HUNDREDS of people once again showed their support for the Boxing Day hunts in Malpas and Tarporley with prosecutions for flouting the ban on hold.
Since 2005, when the ban came into force, Boxing Day hunts have drawn record numbers to Malpas.
This week the law’s effectiveness is being questioned as the Crown Prosecution Service appeals to the High Court over the acquittal of a man convicted of hunting illegally with dogs.
The appeal allowed hunters such as Jane Windsor, treasurer of the Cheshire Hunt, to enjoy a meet without the threat of immediate legal action.
She joined scores of riders enjoying a stirrup cup outside The Swan, Tarporley as large crowds visited.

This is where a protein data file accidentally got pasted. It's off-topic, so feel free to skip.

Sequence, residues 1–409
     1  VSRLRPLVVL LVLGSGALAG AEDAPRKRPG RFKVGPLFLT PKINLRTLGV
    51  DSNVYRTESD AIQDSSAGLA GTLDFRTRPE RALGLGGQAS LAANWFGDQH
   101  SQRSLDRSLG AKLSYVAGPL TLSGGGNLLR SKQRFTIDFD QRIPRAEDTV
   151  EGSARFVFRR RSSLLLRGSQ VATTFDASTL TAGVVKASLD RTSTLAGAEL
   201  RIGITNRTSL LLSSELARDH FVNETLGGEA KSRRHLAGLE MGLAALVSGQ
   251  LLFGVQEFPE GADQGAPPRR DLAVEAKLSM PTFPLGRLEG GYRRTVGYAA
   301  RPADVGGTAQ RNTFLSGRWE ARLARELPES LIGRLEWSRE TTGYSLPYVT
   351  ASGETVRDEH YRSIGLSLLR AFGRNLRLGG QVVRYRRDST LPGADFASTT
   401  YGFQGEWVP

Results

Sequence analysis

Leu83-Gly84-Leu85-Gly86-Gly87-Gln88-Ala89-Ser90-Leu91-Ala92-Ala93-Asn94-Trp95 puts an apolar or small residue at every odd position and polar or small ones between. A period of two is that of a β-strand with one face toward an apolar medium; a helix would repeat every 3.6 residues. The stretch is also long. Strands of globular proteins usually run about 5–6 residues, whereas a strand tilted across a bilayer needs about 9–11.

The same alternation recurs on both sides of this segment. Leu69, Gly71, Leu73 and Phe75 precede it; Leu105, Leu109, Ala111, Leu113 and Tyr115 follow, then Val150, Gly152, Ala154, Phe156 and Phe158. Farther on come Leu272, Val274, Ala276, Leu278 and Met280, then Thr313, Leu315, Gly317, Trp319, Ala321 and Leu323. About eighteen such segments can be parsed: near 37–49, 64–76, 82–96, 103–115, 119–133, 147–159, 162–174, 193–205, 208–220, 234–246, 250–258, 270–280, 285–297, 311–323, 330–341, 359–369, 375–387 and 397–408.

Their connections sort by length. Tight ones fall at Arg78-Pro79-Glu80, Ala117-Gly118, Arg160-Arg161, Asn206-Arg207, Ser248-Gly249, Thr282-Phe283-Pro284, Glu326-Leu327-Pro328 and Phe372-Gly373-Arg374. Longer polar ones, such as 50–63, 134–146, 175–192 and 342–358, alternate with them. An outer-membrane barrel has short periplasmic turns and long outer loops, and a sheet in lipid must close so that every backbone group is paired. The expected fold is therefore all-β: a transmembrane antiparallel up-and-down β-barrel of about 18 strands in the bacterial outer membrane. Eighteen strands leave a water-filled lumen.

She said: “Young and old turned out and we covered a large amount of ground once we actually got going.
“It was all very peaceful and a nice atmosphere and the whole day was one marked by friendship.”
The Wynnstay Hunt pulled in Father Christmas to greet younger followers as the horses and ponies gathered outside The Crown in Malpas.
For the second year running there was no routine police presence at either meet and no protesters were spotted.
Simon Ashworth, of the Cheshire Hunt, said: “People love to come and see the horses and the riders, and indeed the hounds. It is a very popular spectacle and the law has not made much difference to that.”
The goodwill was appreciated by all as confrontations are still being recorded in the area.
Paul Timpson, of the North West Hunt Saboteurs Association, has posted footage on the campaign’s website which appears to show elderly monitors being threatened by Cheshire Forest Hunters near Tarporley in October.